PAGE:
“There is a method to this madness,” a character says directly into the camera, as if addressing the viewer, near the beginning of Cloud Atlas. The line is essentially a plea from directors Tom Tykwer ( Run Lola Run) and Lana and Andy Wachowski ( The Matrix) to be patient and trust them. They know they have gone way outside the box with this dazzling pop fantasia that skips through six stories spanning 500 years, with the same actors playing different characters in each tale, disguised by wigs and prosthetic makeup.
In his best-selling novel, David Mitchell told the stories one at a time, nestling them into each other like Russian dolls. The movie gives them to you all at once. Cloud Atlas can spend 60 seconds in 1973, when a reporter (Hally Berry) is investigating the threat of a nuclear reactor meltdown, then hurtle back to 1846, when an American lawyer (Jim Sturgess) falls ill while sailing home from the Pacific Islands.
A futuristic adventure in 2144, when a genetically cloned woman (Doona Bae) defies her creators and runs away to live among real people, segues into a 1936 tragedy involving a young musician (Ben Whishaw) in an illicit gay affair. Those two narratives — the sci-fi directed by the Wachowskis, the romance by Tykwer — are the best storylines in Cloud Atlas, albeit for entirely different reasons. The Wachowskis create a gleaming, meticulously rendered future-world where every tiny detail fascinates, from the colors of a restaurant menu to the design of police spacecraft, and where the thunderous action is staged in the style of old-fashioned cliffhangers, with narrow escapes and relentless chases.
Tykwer opts for a slower, gentler pace, using the piece of music his character composes, entitled The Cloud Atlas Sextet, as a theme that recurs through the movie’s score, and ending his story with the single most moving moment in the film — the only time, really, when this enormous movie achieves any emotional intimacy and touches the heart.
The two worst narratives in Cloud Atlas are a present-day story of a London book publisher (Jim Broadbent) confined against his will to a retirement home ruled by a Nurse Ratched-type (played by Hugo Weaving in distracting drag) and a post-apocalyptic tale in Hawaii that plays like a Game of Thrones episode featuring guest appearances by Tom Hanks as a meek goat herder and Hugh Grant as a bloodthirsty tribal lord. The former is played for farcical laughs that never come; the latter is a mish-mash of Braveheart-style action and weak-tea sci-fi.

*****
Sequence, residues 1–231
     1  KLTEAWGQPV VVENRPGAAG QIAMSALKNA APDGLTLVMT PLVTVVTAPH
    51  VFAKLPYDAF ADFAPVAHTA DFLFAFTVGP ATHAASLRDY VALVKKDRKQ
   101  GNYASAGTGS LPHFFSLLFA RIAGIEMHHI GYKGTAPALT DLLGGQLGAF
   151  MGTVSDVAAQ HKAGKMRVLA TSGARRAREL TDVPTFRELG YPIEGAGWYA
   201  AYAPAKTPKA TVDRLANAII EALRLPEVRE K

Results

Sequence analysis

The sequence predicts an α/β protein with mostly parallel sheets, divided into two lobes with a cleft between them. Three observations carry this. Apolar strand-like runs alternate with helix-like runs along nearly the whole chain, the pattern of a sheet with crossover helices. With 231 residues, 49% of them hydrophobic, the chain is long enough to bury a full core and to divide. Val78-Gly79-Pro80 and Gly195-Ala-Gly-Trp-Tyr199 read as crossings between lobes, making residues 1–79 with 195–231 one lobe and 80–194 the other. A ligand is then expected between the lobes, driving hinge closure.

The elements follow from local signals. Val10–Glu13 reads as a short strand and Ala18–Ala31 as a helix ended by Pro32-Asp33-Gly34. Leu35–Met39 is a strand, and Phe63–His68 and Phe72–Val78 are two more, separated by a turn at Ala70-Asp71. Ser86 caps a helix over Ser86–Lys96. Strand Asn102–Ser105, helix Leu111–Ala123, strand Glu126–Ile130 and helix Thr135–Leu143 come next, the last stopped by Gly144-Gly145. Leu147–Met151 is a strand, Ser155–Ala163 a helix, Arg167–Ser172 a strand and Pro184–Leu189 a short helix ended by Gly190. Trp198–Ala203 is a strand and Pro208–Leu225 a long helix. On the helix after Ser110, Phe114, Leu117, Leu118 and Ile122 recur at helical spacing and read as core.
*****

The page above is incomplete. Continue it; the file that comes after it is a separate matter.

Editor Alexander Berner has been tasked with the daunting task of intertwining all these disparate storylines, looking for natural overlaps and recurring themes to connect the tales into a single, enormous tapestry. He doesn’t succeed. As a whole, Cloud Atlas doesn’t hang together — it’s a Frankenstein monster of a movie, stitched from disparate parts — and at its worst, it sinks into the kind of philosophical navel-gazing that plagued the two Matrix sequels (sample dialogue: “To see is to perceive and so to know thyself is only possible through the eyes of others.”)
And yet: Even at nearly three hours, Cloud Atlas never sags, because the film doesn’t spend enough time on the bad stories to derail the good ones (it’s like surfing through six different TV channels). And as distracting as the makeup jobs can be, the stunt of casting famous actors in various roles sometimes pays off. Hanks is terrific in the 1846 tale as a doctor pretending to tend to a sick man while he’s actually poisoning him, and he’s even better in a brief appearance in the London story as a thuggish author who exacts radical revenge on a critic who panned his book. Berry’s best work is her turn as the investigative reporter who may be nosing into dangerous corners, and she even pulls off the small role of a white Jewish woman in the 1936 strand (the makeup work is so effective, she’s almost unrecognizable).
Fans of Mitchell’s novel, who are protective of the book and had been fretting about its fate as a movie, can relax. Cloud Atlas is more of a spin-off on the original text — a kind of bonus supplement — than a true adaptation. The film departs so radically from Mitchell, it stands alone as its own thing. Visually, the movie is beautiful ( Almost Famous’ John Toll and Perfume’s Frank Griebe are the cinematographers), with each plotline sporting a distinct look and lighting scheme. Considering the density and breadth of the movie, the potential for confusion was great. But Cloud Atlas is clear and easy to follow, and the constant intercutting and juxtaposing create a kind of momentum that serves as a sort of unique hyper-narrative. I wish the filmmakers had come up with better ways other than shared birthmarks and handed-down letters to tie the whole picture together. But if you’re interested in the sheer craft of moviemaking, Cloud Atlas is required viewing – a rare example of a movie getting by entirely on technique and creative bravado..